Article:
Research has shown that cramming is not an effective study strategy. It can lead to irritability, high levels of anxiety, and increased levels of stress. Cramming can even lead to a loss of memory — which is probably the reason you decided to cram in the first place!
With all of this research out there about cramming, why are so many students still turning to their textbooks so late? There are many factors, such as laziness, lack of time, and nerves.
But have we considered the possibility that students defer to cramming because they do not know how to study effectively?
Many families who call our office for private in-home tutoring admit that their students do not how to properly study. Yes, they can do their worksheets and write an essay. But they do not know the best way to study for a class or an upcoming test.
If you’re searching for a study plan, you have come to the right place! Over the next few weeks, we will be sharing some specific techniques to help you study for English, Math, Science, History, and Foreign Language. We hope these tips and strategies help you in your journey to becoming a stronger student!
English & Language Arts
There is a reason I chose this picture for this post. When I was in middle school, I was assigned to read “The Chronicles of Narnia: The Lion, the Witch, and the Wardrobe.” I was a kid who loved to read, but hated assigned reading. Nothing was more frustrating to me than being forced to read books I did not choose myself.
My mother has always been a huge influence on my education. She made the task of reading that book less daunting by breaking it up. Every night, I had to read so many pages. She broke this up so that I would still have enough time to write the assigned book report. Even so, reading this was torture to a much younger me.
Then my mother sat down and read the book aloud to me. All of a sudden, there was action and suspense and drive. This book was actually exciting? I was so engaged! After dinner each night, I would plead with her to read the book to me. She made the story come alive to me. Sometimes, I would take over and read to her.
My mother knew that I would not read the book if I wasn’t interested in it. So she found a way to make it interesting. The goal was no longer to finish an assigned book for school. It was to enjoy a clever story…and then write a book report.
When it comes to studying, it’s all a matter of perspective. Ask yourself, “What is my goal? What do I want to get out of this?” If your answer is “to get an A on this assignment”, you may need to think a little harder. Give yourself some purpose and a clear goal. You’ll be surprised how it will drive you to succeed!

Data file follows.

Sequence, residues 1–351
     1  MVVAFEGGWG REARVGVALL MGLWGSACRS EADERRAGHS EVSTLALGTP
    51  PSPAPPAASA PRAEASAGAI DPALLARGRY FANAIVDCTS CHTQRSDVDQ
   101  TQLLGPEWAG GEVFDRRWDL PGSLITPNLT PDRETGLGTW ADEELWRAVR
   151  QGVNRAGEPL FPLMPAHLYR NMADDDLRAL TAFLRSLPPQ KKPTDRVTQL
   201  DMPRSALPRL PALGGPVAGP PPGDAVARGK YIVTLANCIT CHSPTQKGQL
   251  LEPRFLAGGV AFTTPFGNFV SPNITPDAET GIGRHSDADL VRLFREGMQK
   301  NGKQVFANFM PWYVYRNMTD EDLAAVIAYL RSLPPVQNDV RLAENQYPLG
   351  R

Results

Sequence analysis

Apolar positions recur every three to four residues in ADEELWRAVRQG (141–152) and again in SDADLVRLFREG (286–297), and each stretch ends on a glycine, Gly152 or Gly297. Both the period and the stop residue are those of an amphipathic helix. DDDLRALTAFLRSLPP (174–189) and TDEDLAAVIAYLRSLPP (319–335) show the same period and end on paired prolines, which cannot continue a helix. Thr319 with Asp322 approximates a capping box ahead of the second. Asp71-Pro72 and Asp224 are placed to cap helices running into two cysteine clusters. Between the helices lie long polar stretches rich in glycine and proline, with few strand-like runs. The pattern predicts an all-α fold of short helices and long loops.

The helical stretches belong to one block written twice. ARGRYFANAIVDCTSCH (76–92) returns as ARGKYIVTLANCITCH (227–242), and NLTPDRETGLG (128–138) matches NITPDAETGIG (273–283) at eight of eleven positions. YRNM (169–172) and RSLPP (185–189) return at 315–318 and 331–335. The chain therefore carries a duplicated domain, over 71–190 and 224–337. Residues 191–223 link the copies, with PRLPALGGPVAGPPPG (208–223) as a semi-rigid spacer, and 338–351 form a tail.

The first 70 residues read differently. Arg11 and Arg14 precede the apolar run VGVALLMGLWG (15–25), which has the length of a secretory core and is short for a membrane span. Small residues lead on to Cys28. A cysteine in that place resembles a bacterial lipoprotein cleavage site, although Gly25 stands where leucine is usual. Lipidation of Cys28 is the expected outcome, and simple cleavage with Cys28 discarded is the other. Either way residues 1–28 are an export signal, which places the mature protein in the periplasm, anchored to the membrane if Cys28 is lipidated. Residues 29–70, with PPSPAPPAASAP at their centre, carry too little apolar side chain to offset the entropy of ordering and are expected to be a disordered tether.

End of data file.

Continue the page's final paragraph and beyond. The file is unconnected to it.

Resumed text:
Here are a few more specific strategies that will help you study English and Language Arts:
Yes, it seems silly to have to say this, but so many students don’t do their assigned reading. Then, they fail their exam and wonder where they went wrong.
Contrary to popular belief, reading does not mean “wait until the night before and pick up the Cliff’s Notes”. Reading means dedicating time to actually reading the story. Break up the book into chapters and read one or two chapters a night. This way, you are only responsible for a few pages at a time. Less daunting, right?
Take notes and write a summary.
After you read each chapter, go back and look for specific details that may appear on the test. Look for advances in the plot, introductions of new characters or elements, changes in a character’s personality, and what caused them to make certain decisions. Write these notes down on a separate piece of paper.
Then write a chapter summary. The summary shouldn’t be more than a paragraph or two. The goal is not to rewrite the book. Rather, you want a quick way to recall the details when you review before the exam.
Review your notes weekly.
At the end of each week, reread all of your chapter summaries to keep the content fresh in your head. Try to give yourself a quick quiz (eg. “What was Edmund’s turning point?”).
Save vocabulary words.
If you come across a word you don’t know, don’t simply pass over it. Take the time to grab a dictionary and look up the word. Vocabulary words may show up on your exam. Help yourself remember the word by creating a flashcard. You may even want to write down the book or lesson where you first read the word. That way, you can easily relate something to the word.
Take practice quizzes online.
If your class is preparing for a quiz on “The Great Gatsby” (another book I did not like reading), consider taking a practice test online. You’ll want to be sure the test is from a reputable source. Also, make sure the test is covering the book and not the movie. Test your knowledge to see what facts you can recall. You may be surprised!
The key to studying for any subject is to space out your study session. Remember, cramming is not an effective way to study. The best way to retain information is to review it consistently. Three one-hour sessions each week will help you more than staying up until 2:00 am the night before the quiz.
Photo copyright: [Untitled]. Retrieved February 10, 2016 from http://www.thatartsyreadergirl.com/2013/05/classics-reading-order-for-the-chronicles-of-narnia-suggestions/.